What you need to know about Alex is that, when it comes to bringing happiness and opportunity to kids, he’s an at-all-costs sort of guy—and he’s also a guy who gets things done. With a vision of what the cycling experience could offer his students, he set up a GoFundMe and made a case to the community.
He didn’t expect the outpouring of support and donations that came to him. Within a week, his fundraising surpassed $5,000, and his spark of an idea looked suddenly like it could become something real.
“I bought as many bikes as possible,” Alex says, “and used the rest of the money to get a U-Haul to pick up bikes people in the community wanted to donate. This was a true it-takes-a-village moment, where the community came together to make this happen. We got donations from more than 400 people I’ve never even met.”
His experience with Prime Ability put him in familiar territory for organizing events. But launching the Prime Ability Biking Program presented some new logistical challenges, especially when it came to equipment.
Through a local Trek grant program, Alex received support in the form of WaveCel helmets and gear for the riders. And he continued building his bike collection. Every bike he found was one more student who could be having a great experience.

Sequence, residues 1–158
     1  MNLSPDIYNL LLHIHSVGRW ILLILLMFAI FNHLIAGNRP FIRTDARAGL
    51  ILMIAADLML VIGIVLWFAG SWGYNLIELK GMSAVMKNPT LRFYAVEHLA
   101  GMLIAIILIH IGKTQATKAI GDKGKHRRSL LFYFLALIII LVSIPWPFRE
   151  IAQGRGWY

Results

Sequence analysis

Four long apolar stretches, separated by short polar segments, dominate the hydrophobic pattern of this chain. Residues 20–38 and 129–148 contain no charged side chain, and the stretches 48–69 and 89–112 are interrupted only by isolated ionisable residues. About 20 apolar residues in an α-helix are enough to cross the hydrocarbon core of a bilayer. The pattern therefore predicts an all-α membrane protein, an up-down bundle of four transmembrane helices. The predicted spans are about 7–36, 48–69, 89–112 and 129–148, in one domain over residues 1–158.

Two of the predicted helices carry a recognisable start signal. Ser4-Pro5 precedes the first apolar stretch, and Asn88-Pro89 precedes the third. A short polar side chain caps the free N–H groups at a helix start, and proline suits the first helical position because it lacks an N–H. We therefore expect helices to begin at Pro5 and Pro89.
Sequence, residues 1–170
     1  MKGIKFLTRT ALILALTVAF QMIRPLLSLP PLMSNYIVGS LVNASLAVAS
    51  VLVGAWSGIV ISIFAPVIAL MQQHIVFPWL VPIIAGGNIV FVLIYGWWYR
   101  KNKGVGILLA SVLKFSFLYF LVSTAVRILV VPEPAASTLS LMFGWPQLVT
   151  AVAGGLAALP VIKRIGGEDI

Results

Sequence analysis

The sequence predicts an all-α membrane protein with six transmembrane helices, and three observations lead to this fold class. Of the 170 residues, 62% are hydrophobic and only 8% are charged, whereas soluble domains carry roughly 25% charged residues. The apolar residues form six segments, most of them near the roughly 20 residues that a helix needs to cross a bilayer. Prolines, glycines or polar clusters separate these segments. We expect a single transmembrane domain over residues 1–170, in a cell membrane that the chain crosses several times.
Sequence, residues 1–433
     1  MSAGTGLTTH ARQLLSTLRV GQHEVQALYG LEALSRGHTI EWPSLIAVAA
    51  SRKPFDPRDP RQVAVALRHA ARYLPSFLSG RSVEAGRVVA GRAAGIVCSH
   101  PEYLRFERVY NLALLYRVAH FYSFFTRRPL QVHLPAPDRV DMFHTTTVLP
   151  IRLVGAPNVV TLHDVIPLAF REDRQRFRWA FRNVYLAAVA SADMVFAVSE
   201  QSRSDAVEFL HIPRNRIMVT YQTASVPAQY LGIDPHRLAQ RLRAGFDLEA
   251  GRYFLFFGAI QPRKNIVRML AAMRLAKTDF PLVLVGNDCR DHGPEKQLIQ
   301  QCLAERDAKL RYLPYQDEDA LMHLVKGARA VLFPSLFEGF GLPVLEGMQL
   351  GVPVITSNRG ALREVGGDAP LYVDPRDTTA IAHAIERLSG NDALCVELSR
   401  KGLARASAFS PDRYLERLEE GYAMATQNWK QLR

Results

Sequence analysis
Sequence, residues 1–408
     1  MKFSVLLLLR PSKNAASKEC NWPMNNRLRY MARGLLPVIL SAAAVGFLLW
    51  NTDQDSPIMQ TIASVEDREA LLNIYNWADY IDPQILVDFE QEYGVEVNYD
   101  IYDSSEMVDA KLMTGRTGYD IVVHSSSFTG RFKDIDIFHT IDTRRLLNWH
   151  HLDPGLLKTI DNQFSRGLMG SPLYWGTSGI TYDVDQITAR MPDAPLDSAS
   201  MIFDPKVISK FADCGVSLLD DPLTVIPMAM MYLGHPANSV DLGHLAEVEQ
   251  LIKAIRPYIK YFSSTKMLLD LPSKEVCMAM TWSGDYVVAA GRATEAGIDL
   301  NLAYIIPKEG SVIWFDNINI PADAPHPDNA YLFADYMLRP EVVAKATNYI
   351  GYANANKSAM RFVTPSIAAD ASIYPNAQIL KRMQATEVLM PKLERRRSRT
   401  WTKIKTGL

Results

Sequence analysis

“At first, I honestly didn’t sleep,” he says, laughing. “But it wasn’t something I looked at as a chore. I enjoy setting a goal—get five bikes this week—and then reaching it. That sets an example for my kids.”
With the equipment covered, there was the issue of participation and what Alex refers to as the “leap of faith” he was asking his students to take. Prime Ability operates on a philosophy of H.E.A.R.T., which stands for humility, effort, ambition, respect, and teamwork.
“I ask my kids: do you have enough H.E.A.R.T. to step outside of the comfort zone and be something other than what people are telling you to be, or are you trying to fit what people say you should be?”
Show up and it’ll be fun, he promised them.
Rain poured from the sky and filled the streets with puddles on the day of Prime Ability Cycling Program’s first scheduled ride. Still, 25 students took a leap of faith and showed up outside Dunbar High School to pick out bikes from the collection Alex had amassed.